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Entries in English family law (2)


Judge calls for an end to "Catherine Tate" approach to post separation parenting

English Appeal Court Judge Lord Justice McFarlane has called for an  end to the “Catherine Tate approach to postā€separation parenting”.

In a key speech to the Association of Lawyers for Children in June 2013, he deplores the situation where the parent who holds all the trump cards, because the child is currently living with them, simply shrugs her shoulders and says to the other parent, who merely wants to see his child, “Am I bothered?”.

Commenting on recent changes in England and Wales he says: "The system, the law, now requires them to be bothered. They have a responsibility to be bothered and if they persist in abdicating from that responsibility they can expect all those they encounter in and around the court system to bring them up short." 

His speech outlines the approach which will be taken by the newly created Family Courts in England and Wales, and the way in which the Children and Families Act 2014 will bring about a different approach in England and Wales by replacing "contact" and "residence" orders with "child arrangements" orders.

In his speech he refers to a recent judgement on an appeal from a father who had been denied contact with his two young children by the children’s mother for no apparent reason other than her refusal to engage in the process.

“Parents, both those who have primary care and those who seek to spend time with their child, have a responsibility to do their best to meet their child's needs in relation to the provision of contact, just as they do in every other regard. It is not, at face value, acceptable for a parent to shirk that responsibility and simply to say 'no' to reasonable strategies designed to improve the situation in this regard.”

He also make some favourable comments about fathers seeking contact with their children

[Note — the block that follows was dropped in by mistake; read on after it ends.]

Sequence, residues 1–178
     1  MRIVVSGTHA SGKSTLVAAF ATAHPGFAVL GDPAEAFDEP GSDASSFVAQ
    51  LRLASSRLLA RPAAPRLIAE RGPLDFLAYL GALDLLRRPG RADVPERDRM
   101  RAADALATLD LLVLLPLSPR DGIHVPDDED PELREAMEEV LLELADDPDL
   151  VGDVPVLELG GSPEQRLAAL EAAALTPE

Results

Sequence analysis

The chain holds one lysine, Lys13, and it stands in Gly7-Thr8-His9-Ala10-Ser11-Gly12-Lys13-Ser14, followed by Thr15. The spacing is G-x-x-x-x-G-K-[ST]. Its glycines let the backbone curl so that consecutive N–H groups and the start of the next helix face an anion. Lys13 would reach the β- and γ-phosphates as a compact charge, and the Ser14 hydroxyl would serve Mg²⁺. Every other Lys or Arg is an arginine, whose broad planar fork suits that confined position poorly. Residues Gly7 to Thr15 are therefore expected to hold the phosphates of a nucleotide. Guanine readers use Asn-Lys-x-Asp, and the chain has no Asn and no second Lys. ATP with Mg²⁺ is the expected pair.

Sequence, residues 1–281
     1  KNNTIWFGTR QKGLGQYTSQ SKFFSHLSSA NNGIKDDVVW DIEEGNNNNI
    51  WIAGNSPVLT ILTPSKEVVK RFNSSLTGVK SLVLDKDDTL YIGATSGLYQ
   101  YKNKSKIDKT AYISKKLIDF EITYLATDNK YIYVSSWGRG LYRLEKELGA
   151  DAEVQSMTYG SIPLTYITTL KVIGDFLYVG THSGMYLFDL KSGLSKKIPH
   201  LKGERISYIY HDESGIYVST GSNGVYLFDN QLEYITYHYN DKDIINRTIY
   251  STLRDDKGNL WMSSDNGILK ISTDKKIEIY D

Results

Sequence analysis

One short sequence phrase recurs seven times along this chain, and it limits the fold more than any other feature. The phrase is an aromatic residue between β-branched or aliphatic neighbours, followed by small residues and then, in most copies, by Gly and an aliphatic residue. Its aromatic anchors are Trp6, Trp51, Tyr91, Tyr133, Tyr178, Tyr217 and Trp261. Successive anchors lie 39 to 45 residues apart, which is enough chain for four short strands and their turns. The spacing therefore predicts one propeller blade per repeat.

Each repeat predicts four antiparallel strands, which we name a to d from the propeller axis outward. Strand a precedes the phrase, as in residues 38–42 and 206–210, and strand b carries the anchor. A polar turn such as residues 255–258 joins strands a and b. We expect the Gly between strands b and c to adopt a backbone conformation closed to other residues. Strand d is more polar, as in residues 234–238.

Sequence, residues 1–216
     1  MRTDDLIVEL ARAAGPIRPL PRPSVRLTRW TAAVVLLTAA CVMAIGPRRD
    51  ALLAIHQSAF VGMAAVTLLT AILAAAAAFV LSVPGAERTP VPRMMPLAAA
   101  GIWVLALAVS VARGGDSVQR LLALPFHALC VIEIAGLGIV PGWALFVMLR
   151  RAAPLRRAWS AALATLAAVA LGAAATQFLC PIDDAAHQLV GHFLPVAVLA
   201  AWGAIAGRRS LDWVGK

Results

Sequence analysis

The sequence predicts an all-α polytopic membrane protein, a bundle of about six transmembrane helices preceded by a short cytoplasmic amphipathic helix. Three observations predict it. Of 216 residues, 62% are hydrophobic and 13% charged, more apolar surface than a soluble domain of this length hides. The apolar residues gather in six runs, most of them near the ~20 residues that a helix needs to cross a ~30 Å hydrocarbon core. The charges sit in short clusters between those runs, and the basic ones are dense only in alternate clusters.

"In particular, whilst deprecating some of their tactics, I had, in the course of a number of meetings, sat down in calm circumstances and listened to the stories of a number of fathers who considered that they had been profoundly let down by the system. Whilst it might be that there are genuine, child focused, reasons why individual members of the various fathers’ groups have been denied contact, that could not be said of most of the individuals I have met in that context over the years. There is, in my view, a core validity to the essential complaints that these fathers make."

Despite his surname, Lord Justice McFarlane has no remit within the Scottish court system, but we hope his comments will be heard by family lawyers and judges north of the border.


English consultation on co-operative parenting

Tim Loughton MPDivorced or separated parents who play the system to "freeze" their ex-partner out of a "meaningful relationship" with their children should face tougher penalties, according to English Children's Minister Tim Loughton.

His comments to the Westminster Justice Committee come as a consultation on co-operative parenting following family separationis launched by the English Department nfor Education.

The consultation refers to situations in which children's needs are being overlooked in disputes about care arrangements between separated parents.

It states that: "In too many cases one parent is left in a position where it is very hard to retain a strong and influential relationship with his or her child. The Government firmly believes that parents who are able and willing to play a positive role in their child's care should have the opportunity to do so."

"The aim of the proposed legislative amendment is to ensure that this happens in court cases and to reinforce the expectation generally that both parents are jointly responsible for their children's upbringing."

"The Government also believes that a tougher approach is needed in cases where court orders are breached, and it intends to explore the scope for additional enforcement sanctions for the courts."

Families Need Fathers Scotland is bringing these developments to the attention of Scotland's politicians.